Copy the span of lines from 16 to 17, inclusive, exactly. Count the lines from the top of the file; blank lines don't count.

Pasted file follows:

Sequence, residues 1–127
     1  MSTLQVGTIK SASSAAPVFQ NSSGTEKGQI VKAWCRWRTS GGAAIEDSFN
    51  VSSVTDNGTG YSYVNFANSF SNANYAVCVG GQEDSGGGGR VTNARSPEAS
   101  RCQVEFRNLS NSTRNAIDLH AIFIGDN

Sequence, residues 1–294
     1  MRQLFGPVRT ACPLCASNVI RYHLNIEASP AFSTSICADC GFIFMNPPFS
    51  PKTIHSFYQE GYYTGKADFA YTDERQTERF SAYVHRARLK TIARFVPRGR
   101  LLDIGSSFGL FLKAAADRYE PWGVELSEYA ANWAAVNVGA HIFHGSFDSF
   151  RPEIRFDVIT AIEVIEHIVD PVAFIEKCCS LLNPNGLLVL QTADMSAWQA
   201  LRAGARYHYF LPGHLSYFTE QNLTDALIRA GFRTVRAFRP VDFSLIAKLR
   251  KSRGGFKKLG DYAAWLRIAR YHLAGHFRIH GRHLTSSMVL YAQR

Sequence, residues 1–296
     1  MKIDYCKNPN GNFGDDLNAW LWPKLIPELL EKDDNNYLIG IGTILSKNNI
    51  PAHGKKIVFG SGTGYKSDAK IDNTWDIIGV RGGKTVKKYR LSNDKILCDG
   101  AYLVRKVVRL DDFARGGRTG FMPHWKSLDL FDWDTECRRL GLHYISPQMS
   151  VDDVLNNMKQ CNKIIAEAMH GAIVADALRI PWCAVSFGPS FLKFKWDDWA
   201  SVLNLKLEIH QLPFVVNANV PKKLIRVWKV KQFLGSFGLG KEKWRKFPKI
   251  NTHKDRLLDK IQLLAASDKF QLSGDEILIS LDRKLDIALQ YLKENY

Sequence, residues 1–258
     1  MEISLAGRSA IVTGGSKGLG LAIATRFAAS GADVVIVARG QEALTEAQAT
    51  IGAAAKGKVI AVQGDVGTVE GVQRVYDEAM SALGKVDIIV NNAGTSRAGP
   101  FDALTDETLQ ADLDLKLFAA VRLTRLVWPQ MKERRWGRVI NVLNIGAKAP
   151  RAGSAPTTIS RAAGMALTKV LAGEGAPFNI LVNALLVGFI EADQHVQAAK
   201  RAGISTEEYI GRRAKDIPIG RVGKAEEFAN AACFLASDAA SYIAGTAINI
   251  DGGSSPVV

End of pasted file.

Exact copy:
   151  VDDVLNNMKQ CNKIIAEAMH GAIVADALRI PWCAVSFGPS FLKFKWDDWA
   201  SVLNLKLEIH QLPFVVNANV PKKLIRVWKV KQFLGSFGLG KEKWRKFPKI